2001-2002: Magnificat’s Tenth Season
Magnificat celebrated it’s tenth season with a mix of old and new programs that included two of the composers featured in the 20th anniversary season this year: Heinrich Schütz and Claudio Monteverdi. The season also saw the release of our first two recordings of the Chiara Margarita Cozzolani’s music and two more weeks of recording sessions. Magnificat also made another appearance at the biennial Berkeley Festival and Exhibition.
A week of Cozzolani recordings in August preceded the regular season, which began in September with a program devoted to an excellent but under-performed composer, Johann Hermann Schein, one of Bach’s predecessors as cantor at Thomas Kirche in Leipzig. Already in Magnificat’s first season, Magnificat had included Schein’s striking setting of the Vater unser as part of our December concerts and individual works by the composer had made their way into program on other occasions. The release of a recording of Schein’s Banchetto Musicale in 2000 by the Sex Chordæ Consort of Viols led to plans for a joint program of the composer’s consort music and vocal works.
Instrumental works included three of the suites from Banchetto musicale(1617) and two Intradas from Venus Kräntzlein (1609.) The bulk of the vocal works were drawn from Schein’s motet collection Opella nova (1628,) with secular lieder from Diletto pastorali (1624) and Musica boscareccia (1628.) One of the joys of Magnificat has been programs like these when we have had the opportunity to explore music that is seldom if ever performed and give our audiences the rare chance to hear it.
In December, Magnificat marked the tenth anniversary season with a revival of Schütz’s Weihnachtshistorie, or Christmas Story, which, of course is filling the same celebratory role in our 20th anniversary season this year. It was a pleasure to welcome Martin Hummel back in the role of the Evangelist and to work once again with the early wind ensemble The Whole Noyse. The program was nearly identical to the program in 1992, with a psalm and Magnificat by Schütz and works from Schütz’s colleagues filling in the other parts of the liturgy.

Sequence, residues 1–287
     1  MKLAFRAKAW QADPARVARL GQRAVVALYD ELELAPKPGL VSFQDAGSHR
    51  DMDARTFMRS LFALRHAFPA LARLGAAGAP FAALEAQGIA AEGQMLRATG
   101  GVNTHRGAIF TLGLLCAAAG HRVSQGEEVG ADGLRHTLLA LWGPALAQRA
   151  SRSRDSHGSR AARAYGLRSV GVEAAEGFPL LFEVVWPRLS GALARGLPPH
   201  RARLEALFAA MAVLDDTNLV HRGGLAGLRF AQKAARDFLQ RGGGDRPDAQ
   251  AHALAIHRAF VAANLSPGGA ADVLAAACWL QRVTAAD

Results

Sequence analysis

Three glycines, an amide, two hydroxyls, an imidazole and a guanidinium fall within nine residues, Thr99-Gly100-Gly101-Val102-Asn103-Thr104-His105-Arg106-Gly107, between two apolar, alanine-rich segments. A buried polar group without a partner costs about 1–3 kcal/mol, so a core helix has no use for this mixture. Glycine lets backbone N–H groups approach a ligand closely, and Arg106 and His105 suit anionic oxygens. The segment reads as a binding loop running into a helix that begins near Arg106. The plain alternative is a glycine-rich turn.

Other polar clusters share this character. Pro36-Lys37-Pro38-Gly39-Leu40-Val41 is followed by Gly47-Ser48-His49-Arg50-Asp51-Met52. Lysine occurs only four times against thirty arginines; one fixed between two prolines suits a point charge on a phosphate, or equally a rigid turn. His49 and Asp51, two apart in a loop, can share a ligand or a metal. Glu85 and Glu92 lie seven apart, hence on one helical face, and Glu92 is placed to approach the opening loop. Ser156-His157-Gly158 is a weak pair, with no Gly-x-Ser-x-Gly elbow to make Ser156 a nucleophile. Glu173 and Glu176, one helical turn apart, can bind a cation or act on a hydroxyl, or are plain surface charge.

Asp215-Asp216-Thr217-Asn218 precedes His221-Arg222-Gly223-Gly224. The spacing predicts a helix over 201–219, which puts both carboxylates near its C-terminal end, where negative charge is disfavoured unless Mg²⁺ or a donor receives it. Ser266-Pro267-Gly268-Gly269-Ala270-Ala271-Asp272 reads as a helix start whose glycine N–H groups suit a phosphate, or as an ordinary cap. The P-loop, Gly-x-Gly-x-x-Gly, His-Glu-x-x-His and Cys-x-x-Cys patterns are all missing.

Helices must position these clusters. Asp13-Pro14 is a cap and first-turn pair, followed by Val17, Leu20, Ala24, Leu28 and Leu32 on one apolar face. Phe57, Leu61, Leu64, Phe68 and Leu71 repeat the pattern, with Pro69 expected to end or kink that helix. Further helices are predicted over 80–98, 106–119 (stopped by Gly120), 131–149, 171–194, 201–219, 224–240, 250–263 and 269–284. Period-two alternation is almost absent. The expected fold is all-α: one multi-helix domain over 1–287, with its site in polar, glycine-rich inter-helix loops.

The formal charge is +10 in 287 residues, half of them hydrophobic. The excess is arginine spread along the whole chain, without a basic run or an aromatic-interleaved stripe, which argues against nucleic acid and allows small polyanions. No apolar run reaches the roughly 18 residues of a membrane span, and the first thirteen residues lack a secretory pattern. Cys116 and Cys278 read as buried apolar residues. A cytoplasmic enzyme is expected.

Coinciding with the first of the Schütz’s performances was the release of Magnificat’s first recordings of Cozzolani’s music, Vespro della Beata Vergine. Another week of recordings in January ended with our next series concert which featured Cozzolani’s setting of the Mass ordinary that concludes her 1642 collection Concerti sacri. The program was built around the liturgy for the Feast of Purification and included the motets O Maria tu dulcis, Tu dulcis, o bone Iesu, O quam bonum, o quam iocundum, O dulcis Iesu, and Psallite superi.
Magnificat’s regular season ended with a selection of madrigals from Monteverdi’s Eight Book, published in 1619. Nine of Monteverdi’s madrigals were performed along with two instrumental works by Monteverdi’s colleague in Mantua Salamone Rossi. The program, and the regular season, ended with the ballo Tirsi e Clori, which had been featured in Magnificat’s first program in 1992.
But the season wasn’t really over, later in April, Magnificat performed another program of music by Cozzolani in two very different venues. The first was at the Carmel Mission in a concert presented by the Carmel Bach Festival, and the second was a self-produced concert at St. Vincent’s Catholic Church in Petaluma. The program was built around the vespers liturgy for the feast of Cozzolani’s convent’s patron saint, St. Radegonda.
Magnificat’s final performance of the season occurred at the Berkeley Festival and Exhibition and also coincided with the release of our second Cozzolani CD, Messa Paschale, which showcased the mass we had performed in February. For the Festival, Magnificat performed a program built around the liturgy for the Feast of Corpus Christi.
During the course of the season, Artistic Director Warren Stewart led ensembles that included Elizabeth Anker, Peter Becker, Edward Betts, Meg Bragle, Hugh Davies, Rob Diggins, John Dornenburg, Jolianne von Einem, Suzanne Elder-Wallace , Jennifer Ellis, Ruth and Steve Escher, Ken Fitch, Andrea Fullington, Richard Van Hessel, Martin Hummel, Yayoi Isaacson, Julie Jeffrey, Joyce Johnson-Hamilton, Linda Liebschutz, Matthias Maute, Marc Molomot, Herb Myers, Hanneke van Proosdij, Deborah Rentz-Moore, Katherine Shao, Sandy Stadtfeld, David Tayler, Lynn Tetenbaum, Catherine Webster, Scott Whitaker, and David Wilson.